Owners Don and Kate Applebaum moved from Philadelphia to New Orleans in 1997 and quickly established themselves in two of the premier establishments in the French Quarter—Don at Emeril Lagasse’s NOLA Restaurant and Kate at Bayona Restaurant. The couple moved back to this area in 2003 to start a family, and in 2006 Cajun Kate’s also was born. Every item on the menu is made from scratch, including all the “special sauces,” and both locations serve breakfast, lunch, dinner and dessert.
Visit cajunkates.com for hours and more.

Hagley’s Winter Movie Series

Indulge in free popcorn and be a part of a good cause with “Hagley After Hours: A Night at the Movies,” in February and March. The series will include cult classics Mean Girls on Thursday, Feb. 9, The Matrix on Thursday, Feb. 23, and The Breakfast Club on Thursday, March 9.

Hagley Museum is partnering with the Sunday Breakfast Mission for the March 9 showing, and all attendees who bring a nonperishable item for the Sunday Breakfast Mission will receive a free bag of popcorn. Donated items can include canned food, toiletry items (toothpaste, deodorant, shampoo, etc.), winter clothes, diapers or formula, and school supplies.

Movie nights will feature themed cocktails and snacks for purchase. Guests are invited to embrace each movie’s theme to receive a free goodie: e.g., wear pink to the Mean Girls showing; wear your favorite sci-fi shirt or accessory to The Matrix; or wear 1980s clothing to The Breakfast Club.

Movies will be shown on the large screen in Hagley’s Soda House auditorium. Prior to each feature film, there will be a short film from Hagley’s collection. Doors open at 6:30 p.m. with the feature starting at 7 p.m. Admission is just $2 per person.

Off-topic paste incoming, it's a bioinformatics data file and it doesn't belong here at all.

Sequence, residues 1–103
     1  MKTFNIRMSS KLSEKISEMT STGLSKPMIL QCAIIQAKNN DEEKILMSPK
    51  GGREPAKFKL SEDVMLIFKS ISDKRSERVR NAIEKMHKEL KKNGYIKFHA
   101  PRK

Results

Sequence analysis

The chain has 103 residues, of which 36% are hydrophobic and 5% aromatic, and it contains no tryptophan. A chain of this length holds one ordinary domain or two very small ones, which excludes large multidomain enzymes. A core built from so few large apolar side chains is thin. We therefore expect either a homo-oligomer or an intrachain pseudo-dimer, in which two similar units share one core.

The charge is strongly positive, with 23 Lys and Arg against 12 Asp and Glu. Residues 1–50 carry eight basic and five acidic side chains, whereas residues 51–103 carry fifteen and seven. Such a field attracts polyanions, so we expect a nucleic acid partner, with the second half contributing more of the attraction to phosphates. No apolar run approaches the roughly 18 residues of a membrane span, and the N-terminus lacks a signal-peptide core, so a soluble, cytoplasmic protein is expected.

Events are weather-dependent, so check hagley.org for updates. Because of construction, use Hagley’s Buck Road entrance (298 Buck Rd., Wilmington).

Grain Now Caters

Grain Craft Bar + Kitchen in Newark is now offering catering for meetings and special occasions. The food is prepared fresh and designed to serve 10-200 or more.

The catering menu varies, featuring create-your-own yogurt parfaits, street tacos, sandwich stations and more. Orders can be made online at catering.grainonmain.com. Grain’s chef will review the order and confirm prior to starting. Catering is either available for pickup or both delivery and setup for an additional $25 fee. Grain supplies plates, napkins, cutlery, sides, chafing stands, and the Sterno to keep everything warm.

Olive Oil: The New Wine?

Find out about EVOO, give a tasting party. Learn to love this liquid gold.

I know someone whose first sip of wine was a 45-year-old Port. My inaugural taste could boast no such vintage; it was from my aunt’s bottle of Manischewitz, which was first cracked open three Thanksgivings prior. For years, my wine consumption was limited to gifted bottles or summer sangria made with cheap wine. Eventually, business interests took me to wine dinners, where the origins of a Syrah and a Shiraz, a Grenache and a Garnacha, became important to me. Once I could carve out a budget for great wine, bottles from five continents began rotating through my once-dusty wine rack. Although I’m not yet an oenophile, I cannot imagine going back to “factory wine.”